If you're looking for the previous post in this space, I removed it. While there's another post in the future (on the more general topic of where Whole Foods stands in relation to wine) my original structure and words terribly muddied my message, so much so that people I thought I had praised, viewed themselves as bashed. Not pretty. Nothing could have been further from my truth. I don't mind when my blog gets me in trouble because of something I believe in, but it's another matter entirely when I get into hot water unintentionally. And and so with the benefit of a few days and enriched clarity, here is the post as it should have been written.
I was thrilled that the Texas Wine & Food foundation brought me down and that Devon Broglie and his staff at the wine department of Whole Foods said, "We'll take her!"
Having a backer like Whole Foods has always been a dream for me. There were a fair number of visitors. Conversations were intense. The public was open and curious. In the middle of the tasting, Devon and I shared a few sips (Pinon Vouvray, Silex 2009, Coquelet 2010) where he he fessed up, "I'm on the twenty- year plan here."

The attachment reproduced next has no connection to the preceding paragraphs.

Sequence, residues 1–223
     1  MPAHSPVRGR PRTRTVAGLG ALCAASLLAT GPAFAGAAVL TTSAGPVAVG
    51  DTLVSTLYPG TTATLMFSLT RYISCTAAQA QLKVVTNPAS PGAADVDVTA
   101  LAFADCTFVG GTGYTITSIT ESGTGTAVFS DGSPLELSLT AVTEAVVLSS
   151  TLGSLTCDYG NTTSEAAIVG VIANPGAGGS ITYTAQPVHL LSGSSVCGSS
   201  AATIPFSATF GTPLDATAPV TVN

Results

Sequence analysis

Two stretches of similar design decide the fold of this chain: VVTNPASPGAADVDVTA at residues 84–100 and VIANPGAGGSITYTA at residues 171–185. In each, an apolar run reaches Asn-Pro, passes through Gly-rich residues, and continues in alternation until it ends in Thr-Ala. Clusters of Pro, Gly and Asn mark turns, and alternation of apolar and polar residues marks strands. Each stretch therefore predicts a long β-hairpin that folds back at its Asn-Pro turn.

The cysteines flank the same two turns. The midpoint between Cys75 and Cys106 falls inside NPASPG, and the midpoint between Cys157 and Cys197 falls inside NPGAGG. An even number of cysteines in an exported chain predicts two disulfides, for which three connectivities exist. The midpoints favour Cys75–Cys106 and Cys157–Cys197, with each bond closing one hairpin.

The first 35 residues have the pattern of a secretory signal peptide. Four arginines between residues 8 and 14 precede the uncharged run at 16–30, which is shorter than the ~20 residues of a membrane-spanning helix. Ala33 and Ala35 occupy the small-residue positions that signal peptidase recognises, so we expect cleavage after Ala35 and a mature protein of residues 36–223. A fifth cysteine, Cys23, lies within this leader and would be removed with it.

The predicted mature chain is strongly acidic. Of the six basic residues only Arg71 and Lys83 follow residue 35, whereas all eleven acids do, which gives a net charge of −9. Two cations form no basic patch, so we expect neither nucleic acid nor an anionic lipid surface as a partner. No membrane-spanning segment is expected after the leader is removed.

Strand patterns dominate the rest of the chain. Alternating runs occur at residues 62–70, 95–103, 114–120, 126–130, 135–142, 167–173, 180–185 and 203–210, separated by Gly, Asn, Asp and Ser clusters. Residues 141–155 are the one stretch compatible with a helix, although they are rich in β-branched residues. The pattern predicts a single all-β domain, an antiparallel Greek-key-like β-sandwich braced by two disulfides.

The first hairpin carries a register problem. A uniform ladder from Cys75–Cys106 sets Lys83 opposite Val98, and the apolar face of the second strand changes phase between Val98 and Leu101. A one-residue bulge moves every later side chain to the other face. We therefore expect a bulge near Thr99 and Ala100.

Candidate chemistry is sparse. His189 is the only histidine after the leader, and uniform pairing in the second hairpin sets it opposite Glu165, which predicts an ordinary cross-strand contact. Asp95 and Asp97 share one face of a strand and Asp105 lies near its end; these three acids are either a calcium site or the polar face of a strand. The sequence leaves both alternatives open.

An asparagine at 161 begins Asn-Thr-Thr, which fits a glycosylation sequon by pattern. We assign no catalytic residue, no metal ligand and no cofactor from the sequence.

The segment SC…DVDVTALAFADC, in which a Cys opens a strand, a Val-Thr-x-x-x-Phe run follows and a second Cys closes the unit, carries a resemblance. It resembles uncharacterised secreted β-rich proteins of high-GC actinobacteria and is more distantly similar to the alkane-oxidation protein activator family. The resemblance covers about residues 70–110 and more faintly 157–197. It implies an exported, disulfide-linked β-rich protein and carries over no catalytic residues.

He knows that change happens at a slower pace than certain impatient red heads would like. But still without the twenty-year plan, what they have right now in Austin is already commendable. People cramming their wine bar at 1pm on a Sunday afternoon. All over the wine department, shoppers were drinking and sampling wines at different stations. Those who came over to the Naked Wine stand almost always left with a bottle of wine (Wine of the day, hands down; $23 for the Montesecondo Chianti Classico 2007.). However, my moles nationwide, from other Whole Foods have told me that they fear Whole Foods when it comes to wine is headed to more industrial instead of natural, and if this is true, I beseech the company to utilize their talent within their ranks, such as Melanie Mann in New York and Devon in Austin. Whole Foods should become a leader here, and maybe with the proper coaxing, we'll see it to fruition.
And there you have it. The Texans have a lot to teach this little old Northerner, and I hope they'll find I'm a willing and eager student. So, to Devon from Whole Foods and Marshall Jones at the Foundation here's a big hug your way, with deep gratitude.--Alice